The making of Mezcal is a magical process, and its beauty lies in its diversity. Each mezcalero maestro has his own heritage and the way in which each one breathes life into his Mezcal is unique. A thousand decisions and actions, some large, many microscopic, will influence the final result, giving each Mezcal its own story, its own identity.
There are 7 main stages in the process of making a handmade Mezcal. The longest can take up to 20 years, the shortest just a few hours. But they are all equally important to us, because by treating our agaves as treasures, we ensure that we get an exceptional Mezcal.
Agave takes its time to soak up the flavours of nature and it takes an average of 8-10 years for an Agave of the espadín type, the most common in the making of Mezcal, to reach full maturity. This is when the sap is at its sweetest and the heart is at its largest. Some species of agave take up to 20 years to reach maturity. Throughout the agave’s life, the maestro mezcalero takes great care to ensure that it produces the best Mezcal.
The agaves are cherished until the day when the best specimens are chosen for harvesting.
2. Harvesting and extraction of the piñas:
When the leaves are ripe, they are separated from the heart, called piña – pineapple in Spanish – because it looks like one once the stems have been removed. Once the pruning process is complete, the maestro mezcalero will set about extracting the heart of the agave still buried in the earth. The heart can weigh up to 80 kilos at this point.
A coa, an agricultural tool that resembles the fusion of a hoe and a shovel, is used to extract it. The heart is then taken to the palenque, where the Mezcal is produced.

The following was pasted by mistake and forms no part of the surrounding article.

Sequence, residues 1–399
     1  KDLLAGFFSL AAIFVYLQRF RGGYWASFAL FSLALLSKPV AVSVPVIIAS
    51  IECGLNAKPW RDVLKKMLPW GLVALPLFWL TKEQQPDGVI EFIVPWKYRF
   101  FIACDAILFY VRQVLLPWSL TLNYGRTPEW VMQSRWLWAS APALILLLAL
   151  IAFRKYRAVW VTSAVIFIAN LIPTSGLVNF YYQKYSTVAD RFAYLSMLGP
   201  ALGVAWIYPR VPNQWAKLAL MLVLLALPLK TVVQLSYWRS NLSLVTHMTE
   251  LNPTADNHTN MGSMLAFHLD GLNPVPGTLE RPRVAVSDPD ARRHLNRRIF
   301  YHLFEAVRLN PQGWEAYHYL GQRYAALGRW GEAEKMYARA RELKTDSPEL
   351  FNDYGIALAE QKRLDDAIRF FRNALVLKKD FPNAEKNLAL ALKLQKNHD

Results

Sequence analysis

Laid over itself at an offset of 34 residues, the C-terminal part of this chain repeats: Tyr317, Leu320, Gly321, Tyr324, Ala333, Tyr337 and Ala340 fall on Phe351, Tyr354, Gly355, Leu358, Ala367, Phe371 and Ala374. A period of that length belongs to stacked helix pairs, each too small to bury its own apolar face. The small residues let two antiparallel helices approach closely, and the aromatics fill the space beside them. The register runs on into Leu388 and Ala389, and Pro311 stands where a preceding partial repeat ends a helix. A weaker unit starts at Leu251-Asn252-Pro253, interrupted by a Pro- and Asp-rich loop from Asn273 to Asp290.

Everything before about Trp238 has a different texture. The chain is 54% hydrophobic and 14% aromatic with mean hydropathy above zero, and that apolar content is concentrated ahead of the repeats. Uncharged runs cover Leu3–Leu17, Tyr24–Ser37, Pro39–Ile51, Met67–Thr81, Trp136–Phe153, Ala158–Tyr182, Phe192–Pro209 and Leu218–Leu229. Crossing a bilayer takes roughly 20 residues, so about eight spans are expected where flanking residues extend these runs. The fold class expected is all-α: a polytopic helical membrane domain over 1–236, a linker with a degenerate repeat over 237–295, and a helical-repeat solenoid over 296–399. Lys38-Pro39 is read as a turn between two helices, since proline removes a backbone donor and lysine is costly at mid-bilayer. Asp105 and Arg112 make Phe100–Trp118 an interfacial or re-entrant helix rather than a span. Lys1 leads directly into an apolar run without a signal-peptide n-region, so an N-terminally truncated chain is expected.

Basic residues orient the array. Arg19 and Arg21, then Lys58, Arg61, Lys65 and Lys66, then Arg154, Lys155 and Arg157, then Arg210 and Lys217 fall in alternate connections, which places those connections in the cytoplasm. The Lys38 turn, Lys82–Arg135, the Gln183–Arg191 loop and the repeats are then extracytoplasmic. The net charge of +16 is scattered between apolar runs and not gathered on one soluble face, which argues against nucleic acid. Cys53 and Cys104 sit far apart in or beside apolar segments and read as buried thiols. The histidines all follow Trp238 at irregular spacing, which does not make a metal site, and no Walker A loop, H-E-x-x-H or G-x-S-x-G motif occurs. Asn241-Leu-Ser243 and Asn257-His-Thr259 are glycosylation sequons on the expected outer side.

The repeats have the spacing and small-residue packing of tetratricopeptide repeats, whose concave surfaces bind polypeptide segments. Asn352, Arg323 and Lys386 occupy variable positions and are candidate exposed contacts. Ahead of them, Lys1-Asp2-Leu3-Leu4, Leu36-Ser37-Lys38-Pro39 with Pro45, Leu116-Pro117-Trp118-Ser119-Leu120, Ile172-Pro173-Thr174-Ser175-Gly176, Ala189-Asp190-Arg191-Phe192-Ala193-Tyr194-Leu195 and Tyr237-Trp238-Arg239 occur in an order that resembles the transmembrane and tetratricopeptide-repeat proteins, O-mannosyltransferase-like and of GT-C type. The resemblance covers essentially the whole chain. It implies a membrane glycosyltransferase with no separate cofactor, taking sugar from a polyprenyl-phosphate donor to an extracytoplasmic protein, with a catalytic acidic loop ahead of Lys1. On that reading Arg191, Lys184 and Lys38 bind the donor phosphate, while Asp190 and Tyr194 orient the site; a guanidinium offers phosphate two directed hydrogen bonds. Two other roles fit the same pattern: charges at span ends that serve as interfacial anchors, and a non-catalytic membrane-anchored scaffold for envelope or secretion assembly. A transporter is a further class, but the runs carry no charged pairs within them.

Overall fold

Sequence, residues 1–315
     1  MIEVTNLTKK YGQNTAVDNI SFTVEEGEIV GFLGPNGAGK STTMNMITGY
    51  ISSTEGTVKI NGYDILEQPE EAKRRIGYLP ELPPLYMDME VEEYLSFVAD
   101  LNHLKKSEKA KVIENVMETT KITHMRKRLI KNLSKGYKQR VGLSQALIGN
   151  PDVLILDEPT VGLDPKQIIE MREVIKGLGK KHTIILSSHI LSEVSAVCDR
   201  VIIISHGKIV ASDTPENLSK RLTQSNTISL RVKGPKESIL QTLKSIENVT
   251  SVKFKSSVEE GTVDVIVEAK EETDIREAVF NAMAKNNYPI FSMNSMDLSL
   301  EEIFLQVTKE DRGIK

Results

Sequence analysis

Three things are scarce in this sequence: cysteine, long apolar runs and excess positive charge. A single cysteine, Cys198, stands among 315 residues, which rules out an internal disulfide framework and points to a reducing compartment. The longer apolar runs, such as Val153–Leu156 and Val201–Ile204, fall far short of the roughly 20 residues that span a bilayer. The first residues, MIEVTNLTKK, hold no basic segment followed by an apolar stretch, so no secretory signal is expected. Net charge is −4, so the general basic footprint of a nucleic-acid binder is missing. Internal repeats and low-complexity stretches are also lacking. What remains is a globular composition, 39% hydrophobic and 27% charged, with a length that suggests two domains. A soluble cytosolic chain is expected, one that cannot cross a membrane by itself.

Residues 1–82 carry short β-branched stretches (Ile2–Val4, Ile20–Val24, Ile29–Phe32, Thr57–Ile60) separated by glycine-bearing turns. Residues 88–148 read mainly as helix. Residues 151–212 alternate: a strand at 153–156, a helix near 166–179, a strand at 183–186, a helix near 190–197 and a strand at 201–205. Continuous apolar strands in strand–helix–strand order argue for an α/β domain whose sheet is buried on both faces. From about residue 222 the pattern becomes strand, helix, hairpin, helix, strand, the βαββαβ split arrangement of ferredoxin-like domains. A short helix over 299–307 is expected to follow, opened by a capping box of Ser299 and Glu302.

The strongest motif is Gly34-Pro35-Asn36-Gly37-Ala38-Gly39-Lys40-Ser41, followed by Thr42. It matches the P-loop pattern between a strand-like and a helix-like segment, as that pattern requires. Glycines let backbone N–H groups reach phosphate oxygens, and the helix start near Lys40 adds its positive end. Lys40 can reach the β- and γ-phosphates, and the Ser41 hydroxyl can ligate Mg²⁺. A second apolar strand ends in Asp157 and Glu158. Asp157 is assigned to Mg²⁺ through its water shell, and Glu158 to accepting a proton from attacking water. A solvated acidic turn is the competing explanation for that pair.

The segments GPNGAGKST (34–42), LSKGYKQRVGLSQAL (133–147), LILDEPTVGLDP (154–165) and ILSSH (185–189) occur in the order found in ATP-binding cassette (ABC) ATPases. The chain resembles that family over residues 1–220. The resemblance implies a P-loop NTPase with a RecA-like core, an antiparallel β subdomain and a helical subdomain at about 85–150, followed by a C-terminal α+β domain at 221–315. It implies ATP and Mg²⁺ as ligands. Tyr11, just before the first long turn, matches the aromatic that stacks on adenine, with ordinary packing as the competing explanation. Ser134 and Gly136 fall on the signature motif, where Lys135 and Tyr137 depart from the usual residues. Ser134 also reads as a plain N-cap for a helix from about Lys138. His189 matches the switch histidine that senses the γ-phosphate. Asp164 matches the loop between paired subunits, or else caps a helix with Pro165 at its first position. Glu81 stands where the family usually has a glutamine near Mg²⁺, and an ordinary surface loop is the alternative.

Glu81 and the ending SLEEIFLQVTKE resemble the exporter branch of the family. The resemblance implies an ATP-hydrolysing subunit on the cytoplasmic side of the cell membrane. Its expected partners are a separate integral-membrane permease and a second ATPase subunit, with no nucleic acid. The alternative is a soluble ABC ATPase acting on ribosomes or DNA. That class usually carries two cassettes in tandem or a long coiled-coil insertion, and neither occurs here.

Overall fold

3. Traditional cooking:
It is at this stage that the Mezcal receives its smoky flavour and sweet notes. The piñas are chopped to make them easier to cook and then placed in an oven dug into the ground on volcanic stones that have been set on fire. The agave hearts are then methodically placed on the hot stones and covered to cook them “à l’étouffée”. The cooking time varies from 2 to 5 days depending on the flavours required. The longer the agaves are left in the oven, the more pronounced the smoky flavour of the Mezcal will be.
It is also this slow cooking that allows the fermentable sugars to be extracted from the agave fibres.
4. Manual grinding:
When the agave hearts have finished cooking they are ground in a stone mill until they are completely crushed. This traditional crushing is time consuming and tedious, but it ensures that the fibres are not broken and that the quality of the sugars is preserved. Once the crushing is complete, the wort is obtained, which will be used for fermentation.
This process takes place in large oak vats, in which the must is mixed with spring water. At Devoción we let this mixture ferment for ten to twelve days. It is at this stage that the flavours of the mezcal will multiply and intensify.
6. Double distillation:
Once fermentation is complete, the mezcal is distilled. Using a copper still, a technique brought back by the Spanish conquistadors in the 15th century, the alcohol vapours are cooled and liquefied a first time. The remaining fibres of the must are removed, and the distillation process is repeated a second time to give life to the Mezcal.
7. The very special tasting:
Before being bottled, the Maestro Mezcalero invites everyone who has contributed to the creation of this treasure to taste it. Sitting in a circle, the workers take their time to taste the nectar and celebrate its coming into the world. It is at this very moment that the sensible gives way to the senseless and a new world opens up to us (see Mezcal Tasting Habits)